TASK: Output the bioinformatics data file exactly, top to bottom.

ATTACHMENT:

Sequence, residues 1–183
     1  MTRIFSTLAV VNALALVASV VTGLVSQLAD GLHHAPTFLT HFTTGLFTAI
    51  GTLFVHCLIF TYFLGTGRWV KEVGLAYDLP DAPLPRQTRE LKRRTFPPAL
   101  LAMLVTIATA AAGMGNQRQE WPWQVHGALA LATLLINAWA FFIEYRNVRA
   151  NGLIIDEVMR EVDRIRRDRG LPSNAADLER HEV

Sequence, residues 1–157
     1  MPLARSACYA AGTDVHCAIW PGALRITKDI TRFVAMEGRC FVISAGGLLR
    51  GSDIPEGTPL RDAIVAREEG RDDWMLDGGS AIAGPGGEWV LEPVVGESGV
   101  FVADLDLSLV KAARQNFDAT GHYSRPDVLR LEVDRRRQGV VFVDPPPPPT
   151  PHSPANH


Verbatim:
Sequence, residues 1–183
     1  MTRIFSTLAV VNALALVASV VTGLVSQLAD GLHHAPTFLT HFTTGLFTAI
    51  GTLFVHCLIF TYFLGTGRWV KEVGLAYDLP DAPLPRQTRE LKRRTFPPAL
   101  LAMLVTIATA AAGMGNQRQE WPWQVHGALA LATLLINAWA FFIEYRNVRA
   151  NGLIIDEVMR EVDRIRRDRG LPSNAADLER HEV

Sequence, residues 1–157
     1  MPLARSACYA AGTDVHCAIW PGALRITKDI TRFVAMEGRC FVISAGGLLR
    51  GSDIPEGTPL RDAIVAREEG RDDWMLDGGS AIAGPGGEWV LEPVVGESGV
   101  FVADLDLSLV KAARQNFDAT GHYSRPDVLR LEVDRRRQGV VFVDPPPPPT
   151  PHSPANH